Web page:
2017-11-08 16:05:00

Mary Robinson on Church role in combatting climate change

(Vatican Radio) At the COP23 climate conference, taking place in the German city of Bonn, leaders from almost 200 countries are working on a detailed ‘rule book’ to try and help implement the landmark Paris agreement.

The November 6th to 17th talks are the first since U.S. President Donald Trump announced he plans to pull out of the 2015 Paris accord and promote American coal and oil industries instead. The conference is being organised by Fiji, one of the many Pacific island nations most directly threatened by warming temperatures and changing weather patterns.

Among the global leaders attending the conference is former Irish President Mary Robinson, who also served as a U.N. special envoy on climate change and set up her own Climate Justice foundation.

On Monday she and other members of ‘The Eldersmet with Pope Francis to discuss global challenges, including environmental concerns. After the private audience, Mary Robinson told Philippa Hitchen about the vital leadership of the Church in this field….


Robinson says it’s vital that faith groups, which are on the ground with people, “embrace the importance of taking very seriously the existential threats of climate change”. She says the Pope’s encyclical, Laudato Si’ has been “extremely important”, noting that she launched a response to the document from Irish theologians last Friday at Dublin’s Trinity College university.

U.S. interests at conference

Robinson, who has attended all the COP meetings since the Copenhagen conference in 2009, says the Bonn meeting is very important as it’s the first since Trump announced the U.S. withdrawal from the Paris accord. While he cannot do that until November 2020, she says, the head of the U.S. Environmental Protection Agency will be in Bonn, wanting to “talk about coal as saving the climate, and none of us believe that”.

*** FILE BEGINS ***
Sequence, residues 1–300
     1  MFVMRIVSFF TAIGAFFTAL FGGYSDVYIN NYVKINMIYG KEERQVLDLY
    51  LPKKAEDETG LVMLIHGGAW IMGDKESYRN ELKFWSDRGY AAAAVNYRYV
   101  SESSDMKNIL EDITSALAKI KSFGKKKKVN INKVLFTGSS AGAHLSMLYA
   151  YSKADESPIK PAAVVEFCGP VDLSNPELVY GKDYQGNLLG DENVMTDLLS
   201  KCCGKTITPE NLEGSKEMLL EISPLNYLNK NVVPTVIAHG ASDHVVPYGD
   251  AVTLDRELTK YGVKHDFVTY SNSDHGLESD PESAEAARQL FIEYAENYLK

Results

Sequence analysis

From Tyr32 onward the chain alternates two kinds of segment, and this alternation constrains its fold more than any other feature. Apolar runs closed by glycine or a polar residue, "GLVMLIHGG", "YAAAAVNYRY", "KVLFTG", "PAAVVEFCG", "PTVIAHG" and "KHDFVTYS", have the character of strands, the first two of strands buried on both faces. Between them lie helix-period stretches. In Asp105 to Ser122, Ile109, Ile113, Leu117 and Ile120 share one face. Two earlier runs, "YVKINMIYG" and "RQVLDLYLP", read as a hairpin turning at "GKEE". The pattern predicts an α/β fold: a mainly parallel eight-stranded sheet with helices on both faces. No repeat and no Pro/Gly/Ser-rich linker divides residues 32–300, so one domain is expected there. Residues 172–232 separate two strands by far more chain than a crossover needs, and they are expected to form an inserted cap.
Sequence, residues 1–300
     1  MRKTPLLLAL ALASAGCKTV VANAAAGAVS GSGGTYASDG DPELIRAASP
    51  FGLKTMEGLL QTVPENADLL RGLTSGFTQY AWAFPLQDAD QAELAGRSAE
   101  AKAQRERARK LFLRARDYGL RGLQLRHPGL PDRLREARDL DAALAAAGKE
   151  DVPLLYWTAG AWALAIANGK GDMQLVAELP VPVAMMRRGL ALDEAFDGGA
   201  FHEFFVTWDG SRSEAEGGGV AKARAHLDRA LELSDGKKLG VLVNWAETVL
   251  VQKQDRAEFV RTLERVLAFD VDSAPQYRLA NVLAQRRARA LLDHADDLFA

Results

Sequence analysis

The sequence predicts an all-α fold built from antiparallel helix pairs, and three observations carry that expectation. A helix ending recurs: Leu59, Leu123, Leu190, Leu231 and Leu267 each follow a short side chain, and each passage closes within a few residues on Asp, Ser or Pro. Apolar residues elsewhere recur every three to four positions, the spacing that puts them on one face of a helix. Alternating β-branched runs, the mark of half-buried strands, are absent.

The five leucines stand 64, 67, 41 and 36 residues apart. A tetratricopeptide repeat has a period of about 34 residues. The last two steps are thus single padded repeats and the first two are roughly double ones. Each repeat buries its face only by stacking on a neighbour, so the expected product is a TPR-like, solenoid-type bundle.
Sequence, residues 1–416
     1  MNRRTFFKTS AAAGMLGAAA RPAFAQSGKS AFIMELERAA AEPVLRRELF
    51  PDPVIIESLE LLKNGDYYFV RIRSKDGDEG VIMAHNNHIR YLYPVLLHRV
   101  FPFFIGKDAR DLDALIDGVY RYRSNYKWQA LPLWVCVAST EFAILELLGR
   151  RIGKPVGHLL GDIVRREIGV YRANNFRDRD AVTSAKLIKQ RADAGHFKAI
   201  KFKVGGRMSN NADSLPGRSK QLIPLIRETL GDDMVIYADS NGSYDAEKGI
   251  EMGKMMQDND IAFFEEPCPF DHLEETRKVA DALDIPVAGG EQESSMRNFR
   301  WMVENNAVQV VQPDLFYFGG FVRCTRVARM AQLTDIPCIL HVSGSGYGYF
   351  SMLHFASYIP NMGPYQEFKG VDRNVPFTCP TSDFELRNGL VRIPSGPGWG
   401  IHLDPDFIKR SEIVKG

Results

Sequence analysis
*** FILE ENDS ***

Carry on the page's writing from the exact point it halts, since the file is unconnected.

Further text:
Leadership of Laudato Si'

She highlights the importance of this first conference under the presidency of a small island state, Fiji, representing a “people-centred approach” by “those most affected and least responsible” for climate change.

Robinson praises the “huge impact” of Laudato Si’, saying  “it put the climate story on the map in a very holistic way which I very much welcomed”. She describes it as “a very key document and key example of leadership”, especially for all faith groups and civil society.

Gender justice and climate change

Robinson says she’d like to see “much more emphasis on gender and climate change, because if you undermine poor livelihoods, it’s women who are more affected, it's women who still have to put food on the table, go further for water, go further for firewood”.

She says a gender action plan will be adopted in Bonn and she urged Pope Francis  to give “an important and timely signal”, highlighting the role of women “as actors of change and builders of resilience, especially grass roots women”.

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